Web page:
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In 1940, Amsterdam is occupied by the Nazis. Persecuted for their Jewish faith, the Frank family is forced into hiding in a secret annex concealed in a canal-side house. The young daughter Anne begins to write down her thoughts in a diary, escaping from her situation by writing fantastic stories. Eventually, the family is discovered by the Nazis and taken away to a concentration camp.
This earnest but pretentious TV movie about the famous diarist uses four of Anne's stories (published as Tales from the Secret Annex) as interludes to break the monotony of her confinement: Fear, The Wise Dwarf, Henrietta, and The Adventure of Bralee the Bear Cub. Such a decision may have made cinematic sense, but it somehow trivializes Anne's plight. After the broadcast of this film, a child's viewpoint becomes a regular feature in anime about WWII, since it permits the use of Japanese characters who, like the baby-boom audience itself, had no part in the war that so dramatically altered the course of their country's history.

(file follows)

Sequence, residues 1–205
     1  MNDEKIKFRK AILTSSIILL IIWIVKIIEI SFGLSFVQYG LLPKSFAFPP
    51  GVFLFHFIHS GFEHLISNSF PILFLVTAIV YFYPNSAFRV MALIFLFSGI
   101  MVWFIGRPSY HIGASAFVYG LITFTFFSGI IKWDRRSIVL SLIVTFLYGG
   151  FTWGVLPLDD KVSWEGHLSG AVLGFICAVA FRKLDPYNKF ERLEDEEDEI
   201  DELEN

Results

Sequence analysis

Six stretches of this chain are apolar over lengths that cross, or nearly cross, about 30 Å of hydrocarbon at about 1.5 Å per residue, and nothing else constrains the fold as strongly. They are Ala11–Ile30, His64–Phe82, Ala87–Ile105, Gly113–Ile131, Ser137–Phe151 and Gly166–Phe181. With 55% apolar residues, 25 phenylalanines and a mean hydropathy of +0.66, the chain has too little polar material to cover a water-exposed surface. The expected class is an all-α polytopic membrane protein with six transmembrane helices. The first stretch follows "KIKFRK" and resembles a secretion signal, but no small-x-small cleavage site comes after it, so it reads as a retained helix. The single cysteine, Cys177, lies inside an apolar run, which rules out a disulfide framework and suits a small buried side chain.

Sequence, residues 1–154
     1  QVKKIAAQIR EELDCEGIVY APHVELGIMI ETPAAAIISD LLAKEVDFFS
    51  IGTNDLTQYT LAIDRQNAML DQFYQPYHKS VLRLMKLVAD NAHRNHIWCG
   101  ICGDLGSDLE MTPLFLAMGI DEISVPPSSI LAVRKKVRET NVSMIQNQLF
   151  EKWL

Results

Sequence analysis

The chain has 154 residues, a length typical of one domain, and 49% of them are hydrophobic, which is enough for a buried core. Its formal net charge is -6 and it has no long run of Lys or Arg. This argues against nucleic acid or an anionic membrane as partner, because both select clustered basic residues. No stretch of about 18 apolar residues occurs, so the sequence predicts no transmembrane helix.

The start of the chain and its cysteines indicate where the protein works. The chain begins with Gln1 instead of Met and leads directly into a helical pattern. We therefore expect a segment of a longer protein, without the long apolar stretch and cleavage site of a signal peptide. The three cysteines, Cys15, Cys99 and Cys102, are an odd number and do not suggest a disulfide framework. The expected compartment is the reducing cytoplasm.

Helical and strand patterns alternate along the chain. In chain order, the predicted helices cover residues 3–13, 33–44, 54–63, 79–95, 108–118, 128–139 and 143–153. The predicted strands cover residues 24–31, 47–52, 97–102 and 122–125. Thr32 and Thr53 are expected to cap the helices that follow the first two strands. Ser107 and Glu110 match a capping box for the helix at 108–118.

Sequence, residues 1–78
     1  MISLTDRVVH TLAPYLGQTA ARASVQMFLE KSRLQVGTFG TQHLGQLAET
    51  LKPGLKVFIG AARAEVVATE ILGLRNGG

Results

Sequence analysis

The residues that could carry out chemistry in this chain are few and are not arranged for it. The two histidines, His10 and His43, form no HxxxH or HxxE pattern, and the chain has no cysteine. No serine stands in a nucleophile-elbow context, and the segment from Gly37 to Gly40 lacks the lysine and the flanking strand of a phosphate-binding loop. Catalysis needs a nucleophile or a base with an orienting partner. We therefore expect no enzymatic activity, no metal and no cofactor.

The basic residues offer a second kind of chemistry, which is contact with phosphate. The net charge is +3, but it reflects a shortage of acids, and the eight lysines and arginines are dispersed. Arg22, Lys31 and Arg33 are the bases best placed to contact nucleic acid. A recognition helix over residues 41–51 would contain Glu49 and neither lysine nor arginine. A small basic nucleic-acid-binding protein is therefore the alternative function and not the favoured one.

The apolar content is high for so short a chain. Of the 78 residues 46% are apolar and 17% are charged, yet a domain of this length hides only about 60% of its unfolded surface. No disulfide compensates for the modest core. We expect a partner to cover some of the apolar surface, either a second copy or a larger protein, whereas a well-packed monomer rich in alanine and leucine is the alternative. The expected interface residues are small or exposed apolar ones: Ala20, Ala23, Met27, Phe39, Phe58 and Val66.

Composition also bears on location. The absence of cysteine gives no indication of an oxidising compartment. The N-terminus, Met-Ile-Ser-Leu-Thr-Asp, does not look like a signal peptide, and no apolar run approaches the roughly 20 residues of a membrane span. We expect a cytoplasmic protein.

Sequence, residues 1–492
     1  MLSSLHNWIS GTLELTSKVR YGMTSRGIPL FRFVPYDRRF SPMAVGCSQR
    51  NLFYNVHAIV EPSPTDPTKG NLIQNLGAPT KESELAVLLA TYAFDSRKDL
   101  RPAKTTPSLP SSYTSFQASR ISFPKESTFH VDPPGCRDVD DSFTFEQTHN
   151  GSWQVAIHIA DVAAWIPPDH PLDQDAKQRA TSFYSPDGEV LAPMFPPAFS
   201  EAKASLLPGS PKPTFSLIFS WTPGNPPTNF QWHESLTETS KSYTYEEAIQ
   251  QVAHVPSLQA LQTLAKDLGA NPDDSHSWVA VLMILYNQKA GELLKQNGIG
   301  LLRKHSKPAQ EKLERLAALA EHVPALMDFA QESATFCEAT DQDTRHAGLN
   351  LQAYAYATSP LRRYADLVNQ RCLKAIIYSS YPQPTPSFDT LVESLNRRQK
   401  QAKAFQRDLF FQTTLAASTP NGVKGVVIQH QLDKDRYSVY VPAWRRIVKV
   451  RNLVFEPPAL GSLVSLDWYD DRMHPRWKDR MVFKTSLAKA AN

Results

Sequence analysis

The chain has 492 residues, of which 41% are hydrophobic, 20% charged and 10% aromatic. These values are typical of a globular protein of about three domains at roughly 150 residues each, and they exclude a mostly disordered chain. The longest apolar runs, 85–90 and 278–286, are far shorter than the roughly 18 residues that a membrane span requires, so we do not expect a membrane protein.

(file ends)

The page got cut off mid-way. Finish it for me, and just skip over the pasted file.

A second anime version was released in Japanese theaters in 1995, directed by Akinori Nagaoka. This production, from KSS and the Madhouse studio, was much more lavish than the original TV movie, featuring more realistic character designs from Yoshinori Kanemori and music by Michael Nyman, composer for The Piano. This film, minus its Nyman score, was released in French as Le Journal d'Anne Frank on DVD with English subtitles.